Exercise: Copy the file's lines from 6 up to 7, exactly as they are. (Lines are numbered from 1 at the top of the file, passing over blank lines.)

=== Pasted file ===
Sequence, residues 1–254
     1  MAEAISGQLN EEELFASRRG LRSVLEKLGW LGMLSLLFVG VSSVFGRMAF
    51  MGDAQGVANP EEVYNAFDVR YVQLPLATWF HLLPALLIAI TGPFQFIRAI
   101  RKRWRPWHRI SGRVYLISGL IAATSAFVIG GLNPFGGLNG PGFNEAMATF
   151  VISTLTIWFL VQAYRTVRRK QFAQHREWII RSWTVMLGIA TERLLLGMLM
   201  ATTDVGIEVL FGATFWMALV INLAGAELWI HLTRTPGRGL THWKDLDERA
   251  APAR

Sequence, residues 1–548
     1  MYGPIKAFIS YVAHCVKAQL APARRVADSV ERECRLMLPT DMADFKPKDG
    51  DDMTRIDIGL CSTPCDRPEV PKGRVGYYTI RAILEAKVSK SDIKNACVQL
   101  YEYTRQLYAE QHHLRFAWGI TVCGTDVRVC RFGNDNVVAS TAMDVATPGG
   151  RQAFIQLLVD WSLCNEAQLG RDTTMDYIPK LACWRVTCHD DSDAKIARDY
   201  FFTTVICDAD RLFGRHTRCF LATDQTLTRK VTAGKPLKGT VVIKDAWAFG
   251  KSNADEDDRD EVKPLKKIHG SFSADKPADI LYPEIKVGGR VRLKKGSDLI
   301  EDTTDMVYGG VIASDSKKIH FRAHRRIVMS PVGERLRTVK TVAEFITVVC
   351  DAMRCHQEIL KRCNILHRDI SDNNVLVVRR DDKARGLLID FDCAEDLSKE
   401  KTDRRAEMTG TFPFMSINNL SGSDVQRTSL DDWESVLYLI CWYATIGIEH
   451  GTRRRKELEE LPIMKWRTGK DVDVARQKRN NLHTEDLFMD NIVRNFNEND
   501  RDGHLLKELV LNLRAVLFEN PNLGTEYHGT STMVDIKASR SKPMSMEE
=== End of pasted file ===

   201  ATTDVGIEVL FGATFWMALV INLAGAELWI HLTRTPGRGL THWKDLDERA
   251  APAR